Ivory Coast


Ivory Coast

Since its independence in 1960, Cote D’Ivoire experienced a long period of stability and economic growth thanks to the investments in the agricultural sector. However, in 1980 rapid population growth and internal migration from urban to rural areas increased the pressure on the management and distribution of natural resources, which gave rise to a series of conflicts over land. The 1999 Coup d’Etat exacerbated the situation, as conflicts and political instability spread, particularly in relation to the control of land.

The 2000 Constitution guarantees the right of property to all. In particular, since the colonial period, vacant land in Cote d’Ivoire is considered state property, while occupied land has been governed by the customary land tenure system. A decree of March 1967 confirms the customary laws regulating land, stating that land belongs to the person who makes it profitable. The Rural Land Plan of 1989 financed by the World Bank was the first attempt for the establishment of a secure system of land tenure through a survey identifying land rights and land use, the establishment of plots’ limits and the introduction of new methods for land registration. In 1998, the Rural Land Law was passed with the aim of transforming customary land rights into private property rights regulated by the state. The law did not reach its scope, as the vast majority of rural land in the country is still governed by customary practices.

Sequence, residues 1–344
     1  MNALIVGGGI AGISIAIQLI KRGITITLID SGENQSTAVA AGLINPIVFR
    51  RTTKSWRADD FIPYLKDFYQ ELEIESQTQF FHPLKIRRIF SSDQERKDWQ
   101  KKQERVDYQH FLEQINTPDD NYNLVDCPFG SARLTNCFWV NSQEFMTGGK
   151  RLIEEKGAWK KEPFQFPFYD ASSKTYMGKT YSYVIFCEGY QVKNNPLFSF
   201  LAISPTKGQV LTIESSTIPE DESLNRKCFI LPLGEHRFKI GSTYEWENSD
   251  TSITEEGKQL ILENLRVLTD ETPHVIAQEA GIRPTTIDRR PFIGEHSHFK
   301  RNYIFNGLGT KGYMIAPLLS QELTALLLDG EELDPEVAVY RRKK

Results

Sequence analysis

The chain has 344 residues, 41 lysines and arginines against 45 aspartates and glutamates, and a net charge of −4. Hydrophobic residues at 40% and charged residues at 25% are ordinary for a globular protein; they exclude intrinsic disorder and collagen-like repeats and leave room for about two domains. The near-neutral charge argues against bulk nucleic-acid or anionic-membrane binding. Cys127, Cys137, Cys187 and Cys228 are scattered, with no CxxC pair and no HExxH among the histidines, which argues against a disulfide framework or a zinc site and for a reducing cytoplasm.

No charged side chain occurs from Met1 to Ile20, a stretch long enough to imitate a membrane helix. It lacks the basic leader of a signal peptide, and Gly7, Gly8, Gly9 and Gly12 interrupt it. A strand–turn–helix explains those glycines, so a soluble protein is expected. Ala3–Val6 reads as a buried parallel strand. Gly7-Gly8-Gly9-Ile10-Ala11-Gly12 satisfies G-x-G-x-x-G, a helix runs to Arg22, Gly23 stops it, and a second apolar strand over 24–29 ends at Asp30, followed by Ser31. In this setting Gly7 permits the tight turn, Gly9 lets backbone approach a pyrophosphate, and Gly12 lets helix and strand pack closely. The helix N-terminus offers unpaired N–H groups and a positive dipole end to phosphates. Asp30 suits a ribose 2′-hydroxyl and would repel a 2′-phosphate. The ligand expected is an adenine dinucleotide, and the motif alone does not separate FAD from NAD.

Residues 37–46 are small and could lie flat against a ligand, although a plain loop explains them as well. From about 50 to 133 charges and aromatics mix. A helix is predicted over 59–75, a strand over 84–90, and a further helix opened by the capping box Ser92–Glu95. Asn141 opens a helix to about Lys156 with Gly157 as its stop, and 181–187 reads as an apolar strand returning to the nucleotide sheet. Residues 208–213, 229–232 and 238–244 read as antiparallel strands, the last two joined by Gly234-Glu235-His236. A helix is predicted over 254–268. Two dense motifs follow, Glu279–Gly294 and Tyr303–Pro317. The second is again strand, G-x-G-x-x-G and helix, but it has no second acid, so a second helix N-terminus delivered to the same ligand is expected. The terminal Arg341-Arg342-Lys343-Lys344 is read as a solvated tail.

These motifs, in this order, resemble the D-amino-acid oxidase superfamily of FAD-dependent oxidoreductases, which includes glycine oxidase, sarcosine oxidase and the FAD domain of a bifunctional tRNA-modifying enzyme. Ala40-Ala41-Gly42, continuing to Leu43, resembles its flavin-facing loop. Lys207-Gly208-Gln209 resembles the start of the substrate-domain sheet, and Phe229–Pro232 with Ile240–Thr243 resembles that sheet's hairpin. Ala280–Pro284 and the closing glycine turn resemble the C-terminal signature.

Conflicts and violence in Cote d’Ivoire have been strongly related to land. When the economy started to slow down, people began migrating from urban to rural areas where migrants from different countries and cultures had moved to cultivate the land. This gave rise to land disputes, which are generally mediated by the heads of the villages, who are widely respected among people and they have proved to be more effective than the formal mechanisms of land disputes resolution envisaged by the rural Land Law. 

Source of the narrative

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Land Governance Assessment Framework (LGAF)

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    • Very Good Practice
    • Good Practice
    • Weak Practice
    • Very Weak Practice
    • Missing Value

    Voluntary Guidelines on the Responsible Governance of Tenure

    Legend: National laws adoption of the VGGT principle
    • Fully adopt
    • Partially adopt
    • Not adopted
    • Missing Value

    Note: The Voluntary Guidelines on the Responsible Governance of Tenure of Land, Fisheries, and Forests in the Context of National Food Security (The VGGTs) were endorsed by the Committee on World Food Security in 2012.

    The "VGGT indicators" dataset has been created by Nicholas K. Tagliarino, PhD Candidate at the University of Groningen, with support from Daniel Babare and Myat Noe (LLB Students, University of Groningen). The indicators assess national laws in 50 countries across Asia, Africa, and Latin America against international standards on expropriation, compensation, and resettlement as established by Section 16 of the VGGTs.

    Each indicator relates to a principle established in section 16 of the VGGTs. Hold the mouse against the small "i" button above for a more detailed explanation of the indicator.